Message from Keith
It’s not exactly a breakup, but it does seem like our intense, decade-long love affair with social media may finally be starting to fade. A little less starry-eyed passion, and a little more realism, is probably a good thing.
Over the years, platforms like Facebook, Twitter and Instagram and mobile apps like WhatsApp and WeChat have created an obsession with sharing—or over-sharing—our every mood, hang-up, hook-up or breakup. Search engines like Google have placed every tidbit of obscure information, historical factoid, every recipe or medical remedy, entirely at our fingertips. And e-commerce has made shopping for virtually anything as accessible as a couple of keystrokes.
But all that tapping, searching, shopping and sharing has created a trove of personal data on all of us. Your friends, your favourite foods, your political leanings, the brands you buy and the music you listen to are all out there and available for advertisers, or others with more nefarious purposes, to mine, unless steps are taken to protect it.
It took the Cambridge Analytica scandal, involving some 50 million Facebook users having their data wrongly harvested by a political consulting firm working on behalf of Donald Trump, to shake consumers out of their complacency. Many are starting to realise what they should have considered all along: What you share or search on the Internet should not necessarily be assumed as private.
Maybe it was because I worked as a correspondent in Beijing that I always assumed email was being monitored, cell phone calls could be listened to and text messages might be tracked. In Beijing, if I wanted to have a private conversation with my news assistant, we had it walking through the parking lot on the way to Starbucks. If you met a dissident or a human rights lawyer in a coffee shop, you left your cell phone in the car, so it would not be turned into a remote listening device. You interviewed people in person, not by email.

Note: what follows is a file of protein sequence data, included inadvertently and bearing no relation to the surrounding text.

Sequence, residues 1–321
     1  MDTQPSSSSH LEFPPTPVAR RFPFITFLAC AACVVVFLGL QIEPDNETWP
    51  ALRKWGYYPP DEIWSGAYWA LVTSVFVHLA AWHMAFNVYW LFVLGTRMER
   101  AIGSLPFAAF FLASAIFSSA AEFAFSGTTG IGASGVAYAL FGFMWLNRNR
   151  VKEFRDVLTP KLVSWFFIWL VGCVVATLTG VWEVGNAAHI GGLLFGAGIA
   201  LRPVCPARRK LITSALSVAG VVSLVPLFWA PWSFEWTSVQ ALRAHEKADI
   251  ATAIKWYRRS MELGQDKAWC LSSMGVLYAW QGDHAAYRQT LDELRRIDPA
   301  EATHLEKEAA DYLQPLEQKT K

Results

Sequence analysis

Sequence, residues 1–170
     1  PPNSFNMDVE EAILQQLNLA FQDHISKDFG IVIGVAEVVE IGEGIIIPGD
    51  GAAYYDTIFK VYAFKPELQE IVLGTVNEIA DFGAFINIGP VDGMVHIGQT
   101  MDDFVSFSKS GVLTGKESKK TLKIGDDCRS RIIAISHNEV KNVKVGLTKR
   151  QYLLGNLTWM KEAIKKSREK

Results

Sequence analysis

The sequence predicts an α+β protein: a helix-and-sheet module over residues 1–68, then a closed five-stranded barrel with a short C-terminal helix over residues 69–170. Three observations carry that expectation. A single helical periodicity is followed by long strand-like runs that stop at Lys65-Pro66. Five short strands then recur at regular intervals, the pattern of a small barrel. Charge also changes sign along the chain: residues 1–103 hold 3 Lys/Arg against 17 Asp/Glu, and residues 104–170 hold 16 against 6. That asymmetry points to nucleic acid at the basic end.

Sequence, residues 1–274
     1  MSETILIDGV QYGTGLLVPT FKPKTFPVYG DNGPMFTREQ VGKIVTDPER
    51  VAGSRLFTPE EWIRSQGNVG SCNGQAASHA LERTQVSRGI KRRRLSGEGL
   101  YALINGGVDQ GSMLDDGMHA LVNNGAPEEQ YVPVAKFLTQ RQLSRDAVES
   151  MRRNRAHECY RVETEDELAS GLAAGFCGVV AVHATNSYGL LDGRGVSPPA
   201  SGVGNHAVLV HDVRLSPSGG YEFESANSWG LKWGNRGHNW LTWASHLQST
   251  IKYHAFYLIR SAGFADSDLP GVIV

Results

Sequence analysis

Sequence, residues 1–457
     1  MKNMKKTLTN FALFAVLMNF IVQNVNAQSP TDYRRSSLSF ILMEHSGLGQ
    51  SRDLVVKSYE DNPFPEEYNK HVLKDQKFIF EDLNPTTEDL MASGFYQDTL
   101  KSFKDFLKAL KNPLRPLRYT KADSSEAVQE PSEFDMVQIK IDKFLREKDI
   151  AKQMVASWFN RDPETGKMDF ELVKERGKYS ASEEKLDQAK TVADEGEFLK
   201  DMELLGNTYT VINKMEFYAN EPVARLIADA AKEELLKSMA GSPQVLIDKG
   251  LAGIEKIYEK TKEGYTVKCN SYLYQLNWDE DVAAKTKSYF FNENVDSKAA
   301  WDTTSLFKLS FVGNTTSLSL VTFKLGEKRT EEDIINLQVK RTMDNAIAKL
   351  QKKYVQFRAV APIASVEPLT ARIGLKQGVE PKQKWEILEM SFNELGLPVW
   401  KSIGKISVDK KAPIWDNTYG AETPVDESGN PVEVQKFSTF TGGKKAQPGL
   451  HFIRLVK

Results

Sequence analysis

People, and governments, are now getting smarter. The Australian Defence Department in March banned personnel from downloading the Chinese-owned WeChat app onto their phones, citing concerns over possible spyware. The Indian government did the same last December. The European Union has imposed new privacy rules for individuals to go into effect in May. And users everywhere are rushing to check, and in many cases tighten, their privacy settings.
The heightened privacy concern is long overdue. But we also have to be careful not to go overboard. The fledgling #DeleteFacebook movement seems to me a gross overreaction. Social media has become an integral part of our lives. For us at JMSC, it has also become a teaching too—we create Facebook groups for our classes and assignments. More readers now get their news from Facebook than from the website of The Washington Post.
Everyone needs to be more conscious of protecting their online information, and that is particularly true of journalists who must keep protecting confidential sources, alongside truth telling, as their highest priority. Just like we operated in Beijing, reporters need to do as much face-to-face interviewing and on-the-ground reporting as possible. They need to use the encryption tools available to shield their information and sources.
So keep posting those selfies and baby pictures. But if you want something to stay private, best keep it offline. And if you don’t want your personal information tracked, ditch the e-commerce site, get off the couch, and walk to a store to make that purchase. And make sure to pay in cash.
Director of the JMSC